Wednesday, September 28, 2011

Hawaii leads in national attack against people with disabilities

The first argument the Supreme Court will hear when it begins its new term on October 3 could determine if this country’s entire disability population will be denied the protections of federal law.

We have until then to let our government know we do not support selling off "the 'social contract' that provides a decent, functioning society" to Wall Street so shareholders can make bigger profits.

Families like mine stand to lose the right to stay together, even when a child’s disabilities are so extensive the only alternative is a cage crib in a hospital somewhere. It was the Bush Administration that supported extending the social contract to children with disabilities by granting them legal rights to medical care in 1989.

Giving Wall Street corporations already caught embezzling hundreds of millions of federal dollars the ability to embezzle hundreds of billions more is insanity. But removing federal oversight now gives states the ability to restrict rights granted under federal law. The state can then legislate away the ability to appeal these corporation’s decisions, for instance, saving the companies money on legal fees while supporting increasing corporate earnings.

That is what has been happening in Hawaii, where Unitedhealth and Wellcare control two-thirds of the state’s Medicaid budget.

Last month Governor Neil Abercrombie admitted the purpose of Act 230 (formerly SB 1274) was to save Hawaii's private Medicaid contractors money on legal fees.

Act 230 goes into effect on January 1, 2012. At that time everyone enrolled in Medicaid loses the right to legal help in fighting life-threatening denials of medical services.

Last month he admitted the purpose of Act 230 (formerly SB 1274) was to save Hawaii's private Medicaid contractors money on legal fees.

Act 230 goes into effect on January 1, 2012. At that time everyone enrolled in Medicaid loses the right to legal help in fighting life-threatening denials of medical services.

With legal decisions coming down against the state only two days after the governor's "I am failing" speech, Unitedhealth continues until then to wrack up significant legal bills.

Now Abercrombie has found a way to save Unitedhealth money before January 1: by denying reimbursement for expert witnesses that testified on that child's behalf. The state has abruptly reversed a ten year old policy upheld by two previous administrations.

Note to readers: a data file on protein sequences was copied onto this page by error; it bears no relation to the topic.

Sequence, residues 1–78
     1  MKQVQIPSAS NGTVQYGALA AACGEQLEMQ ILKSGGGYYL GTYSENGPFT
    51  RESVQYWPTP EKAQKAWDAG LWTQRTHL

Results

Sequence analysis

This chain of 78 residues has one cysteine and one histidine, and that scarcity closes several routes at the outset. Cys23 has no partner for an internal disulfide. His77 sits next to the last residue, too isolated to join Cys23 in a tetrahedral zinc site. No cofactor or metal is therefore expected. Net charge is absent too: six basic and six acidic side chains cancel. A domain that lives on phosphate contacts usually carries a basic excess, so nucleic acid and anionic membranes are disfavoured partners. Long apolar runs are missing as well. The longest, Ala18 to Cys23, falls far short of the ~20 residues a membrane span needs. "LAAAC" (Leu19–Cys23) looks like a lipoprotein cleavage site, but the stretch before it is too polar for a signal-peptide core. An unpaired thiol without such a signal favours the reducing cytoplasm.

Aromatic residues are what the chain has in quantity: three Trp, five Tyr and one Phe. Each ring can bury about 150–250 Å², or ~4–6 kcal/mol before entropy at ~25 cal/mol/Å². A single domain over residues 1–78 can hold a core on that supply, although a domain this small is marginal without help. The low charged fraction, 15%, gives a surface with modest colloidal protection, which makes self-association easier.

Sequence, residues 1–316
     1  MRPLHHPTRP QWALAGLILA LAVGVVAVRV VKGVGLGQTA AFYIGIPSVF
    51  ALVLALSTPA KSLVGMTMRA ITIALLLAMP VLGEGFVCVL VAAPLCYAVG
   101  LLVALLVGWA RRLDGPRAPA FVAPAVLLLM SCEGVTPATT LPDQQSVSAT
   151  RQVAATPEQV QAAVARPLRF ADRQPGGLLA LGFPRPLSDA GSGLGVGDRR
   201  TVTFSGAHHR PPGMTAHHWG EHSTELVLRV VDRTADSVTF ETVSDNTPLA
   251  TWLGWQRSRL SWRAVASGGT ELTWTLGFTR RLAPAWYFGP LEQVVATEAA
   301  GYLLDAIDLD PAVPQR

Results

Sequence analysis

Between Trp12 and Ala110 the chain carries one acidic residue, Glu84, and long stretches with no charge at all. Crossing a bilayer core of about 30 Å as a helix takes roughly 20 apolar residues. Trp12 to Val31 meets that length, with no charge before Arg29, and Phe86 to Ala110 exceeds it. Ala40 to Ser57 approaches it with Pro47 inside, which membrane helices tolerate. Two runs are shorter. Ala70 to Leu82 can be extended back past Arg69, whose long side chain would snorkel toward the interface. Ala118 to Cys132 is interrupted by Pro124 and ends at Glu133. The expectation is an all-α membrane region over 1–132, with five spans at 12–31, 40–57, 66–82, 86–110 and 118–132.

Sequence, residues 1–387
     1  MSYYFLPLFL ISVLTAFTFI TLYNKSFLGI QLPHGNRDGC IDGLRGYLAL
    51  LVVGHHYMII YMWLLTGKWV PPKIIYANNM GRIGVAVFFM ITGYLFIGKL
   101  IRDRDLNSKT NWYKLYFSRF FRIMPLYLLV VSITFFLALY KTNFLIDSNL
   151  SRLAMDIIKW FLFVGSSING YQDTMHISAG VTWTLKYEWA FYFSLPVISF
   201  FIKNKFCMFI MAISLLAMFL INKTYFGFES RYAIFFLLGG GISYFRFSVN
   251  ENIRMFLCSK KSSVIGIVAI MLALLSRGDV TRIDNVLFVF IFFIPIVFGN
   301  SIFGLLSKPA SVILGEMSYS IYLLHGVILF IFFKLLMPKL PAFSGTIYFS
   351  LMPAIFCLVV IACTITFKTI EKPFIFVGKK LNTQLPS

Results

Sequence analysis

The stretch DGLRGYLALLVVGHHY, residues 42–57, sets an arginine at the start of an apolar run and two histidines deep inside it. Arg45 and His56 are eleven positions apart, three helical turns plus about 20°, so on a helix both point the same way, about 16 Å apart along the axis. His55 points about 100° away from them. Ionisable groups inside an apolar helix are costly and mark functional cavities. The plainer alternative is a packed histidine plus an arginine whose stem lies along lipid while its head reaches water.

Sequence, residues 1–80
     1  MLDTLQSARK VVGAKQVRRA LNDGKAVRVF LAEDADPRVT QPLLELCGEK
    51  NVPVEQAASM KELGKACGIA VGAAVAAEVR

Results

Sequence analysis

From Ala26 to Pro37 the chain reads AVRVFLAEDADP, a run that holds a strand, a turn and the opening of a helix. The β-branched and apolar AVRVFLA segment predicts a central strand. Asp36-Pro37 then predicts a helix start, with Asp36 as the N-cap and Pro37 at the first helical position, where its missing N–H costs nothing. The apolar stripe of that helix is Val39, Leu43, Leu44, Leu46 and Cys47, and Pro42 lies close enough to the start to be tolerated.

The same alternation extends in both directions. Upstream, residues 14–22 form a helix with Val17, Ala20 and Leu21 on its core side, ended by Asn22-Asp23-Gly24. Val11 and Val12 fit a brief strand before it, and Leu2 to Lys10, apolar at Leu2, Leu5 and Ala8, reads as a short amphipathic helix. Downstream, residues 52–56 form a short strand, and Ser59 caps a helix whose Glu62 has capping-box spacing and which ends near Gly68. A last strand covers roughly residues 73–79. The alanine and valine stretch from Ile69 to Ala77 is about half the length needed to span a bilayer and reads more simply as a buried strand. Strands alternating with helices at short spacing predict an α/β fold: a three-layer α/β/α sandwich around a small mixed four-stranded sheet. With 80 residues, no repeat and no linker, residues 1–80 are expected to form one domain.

Honolulu attorney Rafael del Castillo represents my daughter Hannah, and five other families of my personal acquaintance. We are all fighting Unitedhealth's on-going denials of medically necessary services on behalf of our children with disabilities, services the state is paying them to provide.

The company is refusing to provide these services because they would cost too much money and that would have a negative impact on shareholder earnings. The services in all cases have been prescribed by our children's doctors.

Del Castillo asks for no money from his clients, even to pay advance costs for expert witnesses. H.R.S. 432E-6 is the state law that makes health insurance companies in Hawaii responsible for the fees incurred by the patient in appealing medical care denials, regardless of who wins the case. Del Castillo takes the chance he he will win in order to get paid. He is up to over 90% wins the last I heard.

Act 230 repeals H.R.S. 432E-6. Del Castillo says last week's move to prohibit reimbursement for expert witnesses goes "as far as the Administration could possibly go to repeal the law before the repeal takes effect on January 1."

When sister legislation to SB 1274 was introduced earlier this year, it turned out to have been drafted by attorneys for Wellcare, the other contractor for the state's disability services program. Interestingly, it would have made enrollees responsible for the legal fees of the insurance company, even when the insurance company lost.

Later the state legislature tried to make SB 1274 retroactive to January 1. Since there were twelve appeals cases pending, it was estimated at the time the measure would save Unitedhealth alone about $500,000.

Del Castillo is representing the person with disabilities in all twelve of these cases.

According to Del Castillo, "the Abercrombie Administration knows that it is making pending patient rights cases ... virtually impossible to win unless one of two things happens: The patient pays for any experts who cannot afford to work for free, or I pay for them. The Abercrombie Administration knows ... that I will have to pay for the experts out of my own pocket or lose the cases. "

It is more than beginning to look a lot like retaliation and harassment, both of which are prohibited by the Americans with Disabilities Act.

One of the questions that has to be asked now is whether Abercrombie's anti-Medicaid actions have become sufficiently blatant that our major Honolulu media will break their years-old black-out on news concerning Rafael.